A movement and a spontaneous fashion trend. In early 1971, when Marc Bolan, during an appearance on Top of the Pops, decided to allow the make-up artists to apply some glitter to his eyes and cheeks, he surely didn’t realize that he would bring back for an entire new generation of teenagers a long tradition of outrageous behavior and transvestitism.
This is a story that, involving creatures dear to Jack Smith and Andy Warhol, goes back to the sources of sexual ambiguity, an obvious device with Mae West and even further back. Even Klossowski’s The Roman Ladies are mentioned to legitimize a need to appear as something different from one’s own self, in order to find one’s own authenticity in that other, in the sense of the authentic Greek etymon: “A person acting for oneself.” Yet, around 1970, glam rock was there, and this time rock stars acted as designers for a generation too young to remember Beatlemania and wanting to give a theatrical sense to their own existence.
Thus Bohan and David Bowie are the interpreters of androgyny in a cosmic and alien sense with space suits in satin with sequins and an ostrich boa. Iggy Pop, with bare chest, lamé gloves, and a dog collar, embodied the perfect proto-punk. Bryan Ferry and Roxy Music, helped by Anthony Price, gathered together several periods of Hollywood glamour. The brothers Ron and Russell Mall, of Sparks, offered themselves as an amphetamine parody-combination of Charlie Chaplin, Judy Garland, and the New York Dolls in women’s clothing both on-stage and off. It should also be remembered that for Bowie’s 1973 tour of Japan promoting his album Aladini Sane, Kansai Yamamoto designed 9 costumes inspired by traditional Kabuki theater.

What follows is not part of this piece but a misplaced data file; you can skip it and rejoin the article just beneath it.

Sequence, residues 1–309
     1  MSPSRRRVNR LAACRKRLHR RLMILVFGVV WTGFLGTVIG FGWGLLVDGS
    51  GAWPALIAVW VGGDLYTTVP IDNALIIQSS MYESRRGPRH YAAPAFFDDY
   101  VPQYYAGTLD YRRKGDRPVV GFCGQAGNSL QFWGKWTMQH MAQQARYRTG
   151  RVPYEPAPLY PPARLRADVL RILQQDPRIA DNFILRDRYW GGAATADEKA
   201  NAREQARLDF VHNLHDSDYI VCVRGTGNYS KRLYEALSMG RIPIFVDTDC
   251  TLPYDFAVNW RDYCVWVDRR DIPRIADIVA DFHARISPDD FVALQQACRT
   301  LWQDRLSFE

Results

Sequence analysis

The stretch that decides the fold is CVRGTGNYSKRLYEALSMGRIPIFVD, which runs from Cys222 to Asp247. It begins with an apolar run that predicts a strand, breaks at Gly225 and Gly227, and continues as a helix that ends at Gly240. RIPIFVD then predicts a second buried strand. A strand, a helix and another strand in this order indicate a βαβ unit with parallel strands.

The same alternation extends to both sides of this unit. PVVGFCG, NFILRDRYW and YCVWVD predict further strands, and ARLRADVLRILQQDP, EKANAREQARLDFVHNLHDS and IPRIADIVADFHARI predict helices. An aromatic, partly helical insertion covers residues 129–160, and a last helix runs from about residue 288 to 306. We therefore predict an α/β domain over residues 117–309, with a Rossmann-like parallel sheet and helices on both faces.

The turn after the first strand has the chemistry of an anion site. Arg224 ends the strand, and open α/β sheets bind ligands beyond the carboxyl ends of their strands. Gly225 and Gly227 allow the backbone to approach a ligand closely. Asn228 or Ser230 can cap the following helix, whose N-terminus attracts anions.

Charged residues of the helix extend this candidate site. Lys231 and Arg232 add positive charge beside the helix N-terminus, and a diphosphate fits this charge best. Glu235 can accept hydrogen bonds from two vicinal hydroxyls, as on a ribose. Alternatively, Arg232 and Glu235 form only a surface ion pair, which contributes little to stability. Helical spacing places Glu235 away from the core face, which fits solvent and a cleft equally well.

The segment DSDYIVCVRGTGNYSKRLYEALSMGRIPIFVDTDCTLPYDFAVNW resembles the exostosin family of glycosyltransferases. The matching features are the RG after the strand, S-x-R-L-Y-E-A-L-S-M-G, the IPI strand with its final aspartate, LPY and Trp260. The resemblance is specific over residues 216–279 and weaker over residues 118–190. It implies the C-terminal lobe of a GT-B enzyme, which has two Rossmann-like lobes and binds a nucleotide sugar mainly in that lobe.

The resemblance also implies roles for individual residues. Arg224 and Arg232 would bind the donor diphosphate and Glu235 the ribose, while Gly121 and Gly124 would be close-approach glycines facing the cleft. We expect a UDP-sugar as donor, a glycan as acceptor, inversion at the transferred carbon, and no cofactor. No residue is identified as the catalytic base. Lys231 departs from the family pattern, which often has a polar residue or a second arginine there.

And obviously, Ossie Clark and Antony Price designed for rock stars and acquaintances with a lively sense of glam-glitter way before the advent of the phenomenon. Also to be noted is the charming and prevalent obsession over Berlin in the years of the Weimar Republic, explicit in Bob Fosse’s 1972 film Cabaret with Joel Grey and Liza Minelli, often cited as an influence on the Bromley Contingent, a direct heir of glam.